Whether you're an entrepreneur in a small office setting or you work in a large corporate office, learning how to navigate sexual harassment is a painful and tricky process. Often women aren't sure when to report or what is considered harassment. Will people think the situation is being overblown or exaggerated?
Women who want to succeed in a male dominated office environment have to learn how to thrive in it. When it comes to unwanted attention or flat out harassment, it's a tough thing to navigate. How can you take the incident seriously and manage it successfully while not stifling your business ambitions or killing your confidence?
After working in countless office environments from small start ups to large corporate offices, here are a few observations I have made that have helped me along the way.
1. Don't sweat the small stuff:
Part of an office environment involves joking around. Guys tease one another all the time. How many times have you heard a man give another man a hard time about his clothes or his habits? It's tricky because men and women can be very different creatures in how we do and should relate to office joking.
There are things that are harassment and then there are things that are part of company cultures or your work place environment in general. Try to gauge whether what you're experiencing is something that singles you out in particular or as a woman. If all the guys in your office tease each other, expect to get teased. Chances are, if you can handle it and tease them right back, you're probably going to be accepted more readily as a teammate by your co-workers. I'm not saying that any of this is fair, but life is inherently not fair, and it's often the people that are willing to work with what they are given that do the best.
2. Know where to draw the line:
All that being said there are definitely lines that should not be crossed and you will often know in your gut when someone has crossed the line into sexual harassment that should never be tolerated.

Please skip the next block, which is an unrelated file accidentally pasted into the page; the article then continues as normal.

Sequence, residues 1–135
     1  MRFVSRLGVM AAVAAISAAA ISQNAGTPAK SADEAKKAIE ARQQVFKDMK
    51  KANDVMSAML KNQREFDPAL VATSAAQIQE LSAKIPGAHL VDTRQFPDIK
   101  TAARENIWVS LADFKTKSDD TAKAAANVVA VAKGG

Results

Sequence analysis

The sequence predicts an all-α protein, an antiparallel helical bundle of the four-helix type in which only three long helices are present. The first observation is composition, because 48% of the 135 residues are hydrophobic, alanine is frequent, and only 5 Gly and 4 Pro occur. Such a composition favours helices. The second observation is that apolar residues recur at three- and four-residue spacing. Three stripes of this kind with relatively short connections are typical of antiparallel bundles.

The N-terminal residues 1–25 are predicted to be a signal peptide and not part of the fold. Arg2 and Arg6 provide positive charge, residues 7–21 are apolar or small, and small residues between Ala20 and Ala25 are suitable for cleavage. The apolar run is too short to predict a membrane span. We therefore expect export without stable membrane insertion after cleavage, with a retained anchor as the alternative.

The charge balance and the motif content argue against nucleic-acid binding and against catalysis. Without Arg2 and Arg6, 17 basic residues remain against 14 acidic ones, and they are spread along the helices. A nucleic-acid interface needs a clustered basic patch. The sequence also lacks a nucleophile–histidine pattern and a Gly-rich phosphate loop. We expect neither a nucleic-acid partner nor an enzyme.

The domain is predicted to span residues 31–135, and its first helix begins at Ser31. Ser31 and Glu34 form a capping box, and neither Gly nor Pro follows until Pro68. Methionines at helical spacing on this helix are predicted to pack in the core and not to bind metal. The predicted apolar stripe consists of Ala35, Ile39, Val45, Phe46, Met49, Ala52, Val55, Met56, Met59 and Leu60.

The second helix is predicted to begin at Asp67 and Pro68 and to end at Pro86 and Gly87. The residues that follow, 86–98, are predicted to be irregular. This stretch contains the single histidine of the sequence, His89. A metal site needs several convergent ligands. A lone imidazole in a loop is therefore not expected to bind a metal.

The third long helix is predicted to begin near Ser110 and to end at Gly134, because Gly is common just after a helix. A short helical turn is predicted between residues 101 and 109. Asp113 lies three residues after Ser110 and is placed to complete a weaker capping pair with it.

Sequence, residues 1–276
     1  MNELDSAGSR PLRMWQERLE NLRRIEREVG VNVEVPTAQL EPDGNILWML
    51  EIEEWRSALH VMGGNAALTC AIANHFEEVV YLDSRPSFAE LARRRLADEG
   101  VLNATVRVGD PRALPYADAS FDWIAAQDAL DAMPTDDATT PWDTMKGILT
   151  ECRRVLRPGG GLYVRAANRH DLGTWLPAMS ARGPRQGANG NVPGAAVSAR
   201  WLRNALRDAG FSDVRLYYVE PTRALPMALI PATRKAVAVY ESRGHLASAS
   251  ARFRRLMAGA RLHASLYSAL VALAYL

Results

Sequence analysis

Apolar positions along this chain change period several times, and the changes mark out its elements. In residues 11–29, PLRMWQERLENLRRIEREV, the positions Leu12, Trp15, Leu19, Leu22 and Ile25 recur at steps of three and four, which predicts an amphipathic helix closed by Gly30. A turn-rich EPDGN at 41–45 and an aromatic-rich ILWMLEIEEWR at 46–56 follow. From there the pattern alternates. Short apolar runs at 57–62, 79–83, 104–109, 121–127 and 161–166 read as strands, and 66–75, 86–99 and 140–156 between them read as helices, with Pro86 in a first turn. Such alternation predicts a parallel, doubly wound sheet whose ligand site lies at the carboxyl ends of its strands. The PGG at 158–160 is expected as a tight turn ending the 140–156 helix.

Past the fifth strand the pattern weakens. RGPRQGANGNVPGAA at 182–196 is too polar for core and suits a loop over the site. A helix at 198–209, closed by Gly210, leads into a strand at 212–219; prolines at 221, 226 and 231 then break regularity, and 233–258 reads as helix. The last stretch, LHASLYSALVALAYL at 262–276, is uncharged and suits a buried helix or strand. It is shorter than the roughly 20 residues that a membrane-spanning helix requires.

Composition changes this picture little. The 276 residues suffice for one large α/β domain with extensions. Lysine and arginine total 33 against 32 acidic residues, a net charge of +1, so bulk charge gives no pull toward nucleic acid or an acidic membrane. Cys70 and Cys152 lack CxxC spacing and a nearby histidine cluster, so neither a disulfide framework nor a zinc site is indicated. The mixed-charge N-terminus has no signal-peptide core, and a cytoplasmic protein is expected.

Some joking and office banter is fun and tolerable and some isn't. When it isn't, you need to call it out immediately.
Completely change your demeanor and be direct. Make it very clear to whoever it is that they just crossed the line big time. It can be as simple as "Hey, that's not funny, please stop," to something more serious like, "You just made me very uncomfortable and I don't ever want you to say (or do) that again."
3. Rise above the haters and find allies:
You can't be complacent when it comes to harassment, but you should certainly choose the right way to engage with a perpetrator. If the harassment is in front of other people, you don't have to lower yourself to their level by immaturely engaging their vulgar behavior.
One of my good friends Samantha is head of sales at a ticketing company and she is highly intelligent and also strikingly beautiful. After spending weeks putting together a proposal to present to her companies upper management team (all men), she encountered one superior, who during her presentation made lewd and demeaning remarks to the other managers within ear shot-- specifically regarding her competency based on her gender.
Rather than engage him directly, my friend instead stood taller, finished her presentation on a high note AND got the support of the other men in the room. This situation only ended up helping her. She gained more respect from her companies upper management team because of how she handled herself during an uncomfortable situation. She ended up getting a promotion, not to mention the disrespectful manager was fired based on his behavior.
4. Try not to mix business and pleasure:
If you're going to be dating someone you work with, just really ask yourself if the relationship is worth more to you than your job, because more often than not, even when the relationship doesn't end badly, it can create an awkward situation for you at work.
What happens if dating someone at your company creates drama with you and your co-workers? What if this causes a rift between you and your team? Basically, office romances often end badly or at least with one partner leaving to work a different job. Just be very clear when making these types of decisions, because it can get messy very quickly.
Basically, don't shit where you eat....
5. Tell your HR about your harassment sooner rather than later:
Often times if you report you're being sexually harassed to your HR department they want to monitor the situation before taking any action, so the sooner you telI someone about it, the better. PLUS, you'll be more likely to have someone on your side who is looking out for the signs that these actions are truly taking place when you need it most.
The situation is obviously trickier if you're a female entrepreneur and the harassment comes from, say, a board member or potential investor. But remember: You never should have to endure harassment. Talk about the situation with someone you trust. Then go directly to the harasser. Be clear and strong, and insist that the situation change--or you will make it change. Just remember, you can't be an effective leader if you're constantly worried about your safety in the workplace.
SHARE with friends!